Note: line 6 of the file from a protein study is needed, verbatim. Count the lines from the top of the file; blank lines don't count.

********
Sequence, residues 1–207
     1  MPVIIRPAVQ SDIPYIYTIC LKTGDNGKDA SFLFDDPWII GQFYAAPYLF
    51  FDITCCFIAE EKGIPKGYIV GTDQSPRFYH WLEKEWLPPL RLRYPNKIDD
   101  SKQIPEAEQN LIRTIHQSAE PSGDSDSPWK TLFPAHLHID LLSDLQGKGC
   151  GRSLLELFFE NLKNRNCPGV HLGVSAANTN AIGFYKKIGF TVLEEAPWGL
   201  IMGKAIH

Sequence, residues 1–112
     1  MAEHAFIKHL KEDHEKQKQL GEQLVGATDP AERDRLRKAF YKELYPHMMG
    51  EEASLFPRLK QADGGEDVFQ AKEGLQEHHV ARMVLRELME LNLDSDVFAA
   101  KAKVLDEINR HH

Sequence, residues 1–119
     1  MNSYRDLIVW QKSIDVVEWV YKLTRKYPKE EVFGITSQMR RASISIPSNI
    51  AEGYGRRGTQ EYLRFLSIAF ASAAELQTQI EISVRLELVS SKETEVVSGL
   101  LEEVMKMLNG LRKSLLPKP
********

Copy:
   201  IMGKAIH